Gillian Anderson was not eager to return to the small screen.
After her hit Fox series “The X-Files” ended its run in 2002, the actress, a graduate of DePaul’s Theatre School, turned down all television offers, preferring to concentrate on film and stage work. Even though she now lives in London, Anderson nearly declined the role of the mysterious Lady Dedlock in the acclaimed BBC-Masterpiece Theatre adaptation of Charles Dickens’ classic Victorian novel “Bleak House,” which debuts at 7 p.m. Sunday on WTTW-Ch. 11.
But the actress took the part, she says, after reading the “Bleak House” script, which is by Andrew Davies (who wrote the terrific 1995 television adaptation of “Pride and Prejudice”), and becoming intrigued by the complicated depths of Lady Dedlock, a seemingly cold aristocrat with a lot to hide.
Lady Dedlock “made a couple of choices that, in that day and age, had potentially devastating effects on her career as a wife and mother, which is what women were for back then,” Anderson noted in a phone interview. “As a result of that, she had to keep those … decisions very close to her and had to hold those secrets very tightly to keep [them] from destroying her life.”
“The consequence of holding those secrets and the loss that she experienced quite young, over time had a kind of viselike effect on her,” Anderson said. “She became very … constrained and tight and severe and outwardly judgmental and very, very sad.”
Anderson herself sounded anything but sad, especially when musing on the influence that the “X-Files” — and her character, the forthright, dignified FBI agent Dana Scully — has had on the television landscape.
“X-Files” creator Chris Carter, she recalled, “fought tooth and nail to get me,” rather than the kind of buxom, airhead female characters that were often seen on television dramas back then.
“Ironically, it had an international effect on women and on television and how women were not just perceived but how they behaved,” Anderson said.
She says she still finds it a bit hard to believe that “this funny old series we were doing had such a huge influence on the history of television in many ways — from the lighting on television, to the kinds of stories that [are] being told, to the characters” that are all over the prime-time schedule.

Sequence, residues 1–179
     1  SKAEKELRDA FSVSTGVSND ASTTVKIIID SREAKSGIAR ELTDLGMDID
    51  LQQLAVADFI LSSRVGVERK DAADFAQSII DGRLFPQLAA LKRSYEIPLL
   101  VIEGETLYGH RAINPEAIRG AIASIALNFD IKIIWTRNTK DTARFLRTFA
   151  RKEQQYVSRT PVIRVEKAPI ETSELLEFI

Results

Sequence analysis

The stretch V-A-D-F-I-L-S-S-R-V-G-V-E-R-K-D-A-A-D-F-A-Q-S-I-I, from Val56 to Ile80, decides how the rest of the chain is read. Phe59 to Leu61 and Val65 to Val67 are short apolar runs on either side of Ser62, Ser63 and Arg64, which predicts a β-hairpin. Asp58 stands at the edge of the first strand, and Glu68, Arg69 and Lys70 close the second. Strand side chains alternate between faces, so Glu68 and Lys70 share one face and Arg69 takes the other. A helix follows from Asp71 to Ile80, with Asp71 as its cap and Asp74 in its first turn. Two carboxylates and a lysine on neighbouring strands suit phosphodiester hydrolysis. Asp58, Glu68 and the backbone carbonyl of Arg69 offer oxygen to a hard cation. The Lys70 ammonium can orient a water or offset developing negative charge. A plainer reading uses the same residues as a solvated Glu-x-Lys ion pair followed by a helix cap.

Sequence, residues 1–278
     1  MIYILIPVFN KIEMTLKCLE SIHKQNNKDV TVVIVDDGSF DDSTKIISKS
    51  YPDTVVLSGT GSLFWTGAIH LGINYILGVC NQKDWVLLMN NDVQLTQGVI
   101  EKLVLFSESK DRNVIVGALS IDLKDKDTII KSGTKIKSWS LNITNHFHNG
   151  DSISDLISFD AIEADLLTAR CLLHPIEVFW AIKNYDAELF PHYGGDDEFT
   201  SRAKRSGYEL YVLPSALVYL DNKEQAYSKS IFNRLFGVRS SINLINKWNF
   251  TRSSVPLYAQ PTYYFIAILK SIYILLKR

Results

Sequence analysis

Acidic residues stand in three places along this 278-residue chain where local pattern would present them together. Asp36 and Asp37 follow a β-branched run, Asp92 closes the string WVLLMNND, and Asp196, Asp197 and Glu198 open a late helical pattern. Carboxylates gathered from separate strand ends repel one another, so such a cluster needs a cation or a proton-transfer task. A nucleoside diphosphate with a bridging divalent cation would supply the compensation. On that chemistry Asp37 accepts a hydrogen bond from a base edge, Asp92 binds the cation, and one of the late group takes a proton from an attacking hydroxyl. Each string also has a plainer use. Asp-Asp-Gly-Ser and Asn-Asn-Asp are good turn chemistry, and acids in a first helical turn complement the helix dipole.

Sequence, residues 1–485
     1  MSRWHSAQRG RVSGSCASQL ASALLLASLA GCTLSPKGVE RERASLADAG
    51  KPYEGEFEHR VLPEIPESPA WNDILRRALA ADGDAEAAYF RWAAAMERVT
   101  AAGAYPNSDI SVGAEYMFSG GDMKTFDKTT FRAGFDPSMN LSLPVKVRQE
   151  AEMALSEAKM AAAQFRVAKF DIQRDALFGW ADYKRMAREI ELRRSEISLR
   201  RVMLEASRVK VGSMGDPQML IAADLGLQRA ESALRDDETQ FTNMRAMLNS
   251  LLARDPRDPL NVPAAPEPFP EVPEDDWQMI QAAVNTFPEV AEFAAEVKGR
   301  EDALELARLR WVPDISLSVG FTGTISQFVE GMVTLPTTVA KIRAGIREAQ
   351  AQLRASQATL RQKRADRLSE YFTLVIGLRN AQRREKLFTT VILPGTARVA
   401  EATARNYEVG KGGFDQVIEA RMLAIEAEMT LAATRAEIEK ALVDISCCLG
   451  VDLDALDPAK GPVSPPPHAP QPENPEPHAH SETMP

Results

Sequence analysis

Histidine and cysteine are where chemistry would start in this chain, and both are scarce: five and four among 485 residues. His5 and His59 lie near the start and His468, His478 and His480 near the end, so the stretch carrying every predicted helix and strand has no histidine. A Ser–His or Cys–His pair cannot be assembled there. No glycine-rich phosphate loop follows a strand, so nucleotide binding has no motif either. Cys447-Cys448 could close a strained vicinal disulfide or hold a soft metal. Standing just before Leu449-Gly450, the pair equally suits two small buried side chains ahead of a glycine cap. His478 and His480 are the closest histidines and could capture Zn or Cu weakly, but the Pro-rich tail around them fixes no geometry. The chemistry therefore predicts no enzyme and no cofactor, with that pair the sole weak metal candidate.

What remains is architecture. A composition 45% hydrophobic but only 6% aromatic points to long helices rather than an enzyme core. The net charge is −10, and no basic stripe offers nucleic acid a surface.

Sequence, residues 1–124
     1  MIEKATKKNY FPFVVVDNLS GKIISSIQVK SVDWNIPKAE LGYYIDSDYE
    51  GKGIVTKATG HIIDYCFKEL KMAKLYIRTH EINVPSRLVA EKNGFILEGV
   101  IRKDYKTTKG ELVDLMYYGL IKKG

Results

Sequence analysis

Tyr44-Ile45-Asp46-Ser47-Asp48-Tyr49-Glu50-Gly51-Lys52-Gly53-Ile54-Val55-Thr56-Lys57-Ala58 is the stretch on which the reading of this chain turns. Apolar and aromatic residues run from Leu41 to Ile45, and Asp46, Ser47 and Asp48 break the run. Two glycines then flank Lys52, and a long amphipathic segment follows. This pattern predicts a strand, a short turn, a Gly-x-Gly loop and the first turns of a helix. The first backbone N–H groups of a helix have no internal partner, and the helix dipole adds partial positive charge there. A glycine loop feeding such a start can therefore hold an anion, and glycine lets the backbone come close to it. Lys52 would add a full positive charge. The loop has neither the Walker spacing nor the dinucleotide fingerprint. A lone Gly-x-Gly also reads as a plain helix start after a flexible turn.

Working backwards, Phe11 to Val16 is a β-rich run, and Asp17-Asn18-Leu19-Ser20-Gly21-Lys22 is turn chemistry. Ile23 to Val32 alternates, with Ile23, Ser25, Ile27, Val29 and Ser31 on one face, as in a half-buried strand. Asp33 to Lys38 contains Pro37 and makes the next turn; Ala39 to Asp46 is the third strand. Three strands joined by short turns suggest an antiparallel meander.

“The amount of things you see right now where they even just have a male and female as investigators. It’s almost a joke,” Anderson said. “It’s like, somebody should come with something different now!”
The complete text of my conversation with Gillan Anderson is below.
Why did you choose to take this part? Were you reticent about taking another TV role and the demands that that would make on your time?
“I think it had less to do with the demands on my time and more to do with just doing television, period. I’d turned down everything that had anything to do with TV since `The X-Files’ ended.
“But when I was offered this role [in `Bleak House’], I was told that [taking this TV role] was very different. I live in England and I was reminded that in England it’s much easier for actors to move between television and film and stage, all the time, whenever, and it doesn’t have a negative effect on their careers. It’s just part of their body of work.
“Then I started reading the episodes and they were so beautifully written and the episodes were so intriguing and the character was so intriguing and I got very much wrapped up in it. I met the director and the producers and it all made sense. It was something I really wanted to do.”
Can you describe Lady Dedlock and what about her made you want to take on the role?
“She’s an incredibly complicated and complex character. She lived a particular life at one time then made a couple of choices that, in that day and age, had potentially devastating effects on her career as a wife and mother, which is what women were for back then. As a result of that, she had to keep those — not mistakes — but those decisions very close to her and had to hold those secrets very tightly to keep [them] from destroying her life. Then, after she married, to keep them from destroying her life with her husband.